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A Conversation about The 400-Year Struggle for Black Equality

Lifetime Learning is hosting a day at the Virginia Museum of History and Culture and the exhibit Determined: The 400 Year Struggle for Black Equality. Associate Dean and Assistant Professor Patrice Preston Grimes from UVA’s Office of African-American Affairs and the Curry School of Education and Human Development will begin our day with a lecture focusing on the history of African-American schooling in the South before mandated desegregation, and how educational history can inform current schooling policy and practice. Over lunch, Billy K. Cannaday, Jr., a veteran K-12 educator, former President of the Virginia Board of Education, and retired Vice Provost for Academic Outreach and Dean of the School of Continuing and Professional Studies at the University of Virginia will provide an overview of current issues facing African American students in Virginia schools.

In the afternoon, we will explore with a docent the exhibit Determined: The 400 Year Struggle for Black Equality that examines the long history of black Americans as they have fought for freedom, equal justice, and access to opportunity. Through profiles of 30 individuals, more than 100 evocative objects, and multimedia interpretive content, the exhibit shares the black experience in Virginia from 1619 to the present day, the pivotal role black Americans have played in shaping America’s national identity and culture, and the key Virginians and Virginia events that have defined the meaning of American democracy, equality, and justice. Participants will have an opportunity to explore the other exhibits at the museum. The day will end with reflections, questions, and answers.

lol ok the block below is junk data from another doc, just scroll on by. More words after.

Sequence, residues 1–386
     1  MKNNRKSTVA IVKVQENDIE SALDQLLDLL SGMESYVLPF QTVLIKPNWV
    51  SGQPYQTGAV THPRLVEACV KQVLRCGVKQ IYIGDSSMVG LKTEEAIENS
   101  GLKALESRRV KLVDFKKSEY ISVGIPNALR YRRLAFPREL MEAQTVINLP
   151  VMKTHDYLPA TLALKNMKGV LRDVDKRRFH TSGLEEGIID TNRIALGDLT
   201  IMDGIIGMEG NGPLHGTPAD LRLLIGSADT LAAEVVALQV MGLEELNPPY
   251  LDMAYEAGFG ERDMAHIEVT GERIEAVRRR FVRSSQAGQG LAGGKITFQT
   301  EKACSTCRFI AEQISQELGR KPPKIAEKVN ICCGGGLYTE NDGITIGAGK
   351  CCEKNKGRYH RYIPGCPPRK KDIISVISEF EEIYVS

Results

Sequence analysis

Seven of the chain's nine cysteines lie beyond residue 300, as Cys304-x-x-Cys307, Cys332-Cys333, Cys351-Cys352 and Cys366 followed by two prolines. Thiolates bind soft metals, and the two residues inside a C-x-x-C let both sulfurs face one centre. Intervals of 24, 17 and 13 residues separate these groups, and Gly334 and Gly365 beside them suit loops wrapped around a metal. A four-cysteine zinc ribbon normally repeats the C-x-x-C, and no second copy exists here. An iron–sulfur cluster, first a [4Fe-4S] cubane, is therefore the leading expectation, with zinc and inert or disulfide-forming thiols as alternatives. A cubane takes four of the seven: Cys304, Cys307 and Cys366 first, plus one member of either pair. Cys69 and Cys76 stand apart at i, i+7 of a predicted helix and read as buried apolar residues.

Morning coffee and lunch will be provided.

A Conversation about The 400-Year Struggle for Black Equality